New York has received measurable snow before Halloween only three times since 1869 – and never more than one inch, as happened today.
The heaviest snow, though, is forecast for later in the day on Sunday in the Massachusetts Berkshires, the Litchfield Hills in northwestern Connecticut, southwestern New Hampshire and the southern Green Mountains.
‘It’s going to be wet, sticky and gloppy,’ said NWS spokesman Chris Vaccaro. ‘It’s not going to be a dry, fluffy snow.’
The storm comes on a busy weekend for many along the Eastern Seaboard, with trick-or-treaters going door-to-door in search of Halloween booty, hunting season opening in some states and a full slate of college and pro football scheduled.
Fans in State College were making the most of what school officials said was the first measurable snowfall for any October home game since records began being kept in 1896.
The crowds were thinner, but ‘the die-hards are here,’ said T.J. Coursen of Centre Hall, an alumnus.
In Connecticut, Governor Dannel P Malloy warned residents that they could lose power due to the anticipated wet, heavy snow.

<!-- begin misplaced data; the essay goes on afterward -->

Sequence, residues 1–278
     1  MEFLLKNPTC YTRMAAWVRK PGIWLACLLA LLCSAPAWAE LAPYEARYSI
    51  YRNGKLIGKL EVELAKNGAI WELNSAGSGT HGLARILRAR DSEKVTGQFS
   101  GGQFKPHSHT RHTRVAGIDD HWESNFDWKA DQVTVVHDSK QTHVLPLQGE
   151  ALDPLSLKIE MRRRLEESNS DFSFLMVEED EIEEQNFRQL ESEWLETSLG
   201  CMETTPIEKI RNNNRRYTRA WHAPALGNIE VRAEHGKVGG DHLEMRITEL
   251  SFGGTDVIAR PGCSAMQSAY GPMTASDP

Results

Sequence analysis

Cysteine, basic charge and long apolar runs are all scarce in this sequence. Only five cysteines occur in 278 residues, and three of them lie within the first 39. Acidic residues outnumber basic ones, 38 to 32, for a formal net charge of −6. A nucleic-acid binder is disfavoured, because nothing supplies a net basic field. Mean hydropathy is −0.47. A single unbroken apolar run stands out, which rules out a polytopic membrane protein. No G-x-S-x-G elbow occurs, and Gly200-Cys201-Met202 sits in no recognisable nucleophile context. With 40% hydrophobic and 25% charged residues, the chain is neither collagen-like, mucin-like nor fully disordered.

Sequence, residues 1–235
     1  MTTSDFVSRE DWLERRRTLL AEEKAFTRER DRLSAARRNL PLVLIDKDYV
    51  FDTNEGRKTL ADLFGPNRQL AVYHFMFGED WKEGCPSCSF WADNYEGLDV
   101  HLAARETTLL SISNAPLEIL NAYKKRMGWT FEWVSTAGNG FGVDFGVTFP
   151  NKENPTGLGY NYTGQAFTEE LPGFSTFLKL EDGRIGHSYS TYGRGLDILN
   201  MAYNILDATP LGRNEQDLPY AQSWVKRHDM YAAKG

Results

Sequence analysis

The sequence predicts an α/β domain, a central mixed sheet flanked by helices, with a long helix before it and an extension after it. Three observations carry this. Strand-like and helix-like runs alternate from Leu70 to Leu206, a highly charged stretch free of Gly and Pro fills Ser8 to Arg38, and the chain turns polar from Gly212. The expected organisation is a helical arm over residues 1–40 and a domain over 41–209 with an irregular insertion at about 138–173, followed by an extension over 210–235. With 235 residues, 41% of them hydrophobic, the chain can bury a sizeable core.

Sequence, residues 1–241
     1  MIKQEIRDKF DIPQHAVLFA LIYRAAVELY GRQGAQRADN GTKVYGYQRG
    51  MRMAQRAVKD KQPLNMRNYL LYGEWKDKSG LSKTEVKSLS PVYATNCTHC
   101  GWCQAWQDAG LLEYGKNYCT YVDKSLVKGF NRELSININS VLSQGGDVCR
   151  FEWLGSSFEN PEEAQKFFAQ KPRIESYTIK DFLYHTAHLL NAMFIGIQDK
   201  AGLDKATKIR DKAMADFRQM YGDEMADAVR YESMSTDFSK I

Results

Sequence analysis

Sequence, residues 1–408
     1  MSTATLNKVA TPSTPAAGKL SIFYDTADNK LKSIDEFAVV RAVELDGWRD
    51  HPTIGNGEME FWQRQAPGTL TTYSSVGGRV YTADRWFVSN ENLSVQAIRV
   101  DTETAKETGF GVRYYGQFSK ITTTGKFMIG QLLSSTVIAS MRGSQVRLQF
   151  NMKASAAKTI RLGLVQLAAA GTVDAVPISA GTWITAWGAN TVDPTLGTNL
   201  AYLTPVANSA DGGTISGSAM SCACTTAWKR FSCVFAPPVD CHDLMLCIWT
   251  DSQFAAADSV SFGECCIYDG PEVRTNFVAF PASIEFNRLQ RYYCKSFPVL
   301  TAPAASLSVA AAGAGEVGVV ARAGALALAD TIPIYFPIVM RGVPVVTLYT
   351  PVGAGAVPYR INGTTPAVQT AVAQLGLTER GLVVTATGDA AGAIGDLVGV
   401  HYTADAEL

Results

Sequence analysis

The heaviest snows are expected between 5pm and 8pm this evening, although the temperatures could bring light snow throughout the night.
The storm is expected to come hard and fast, with the heaviest snow set for the Virginia and West Virginia border through eastern Pennsylvania and southeastern New York state, northwestern New Jersey, northern Connecticut, Massachusetts and southern New Hampshire.
Naturally, areas of high altitude will be the most treacherous. Travel chaos is likely, with downed trees a very likely hazard and cars liable to skid on frozen roads.
In New England, where six inches of snow has already fallen, there is also expected to be powerful winds which could be very dangerous – bringing down trees and power lines.
Temperatures in the 30s and 40s and wind chills in the 20s will make it feel like winter has truly arrived.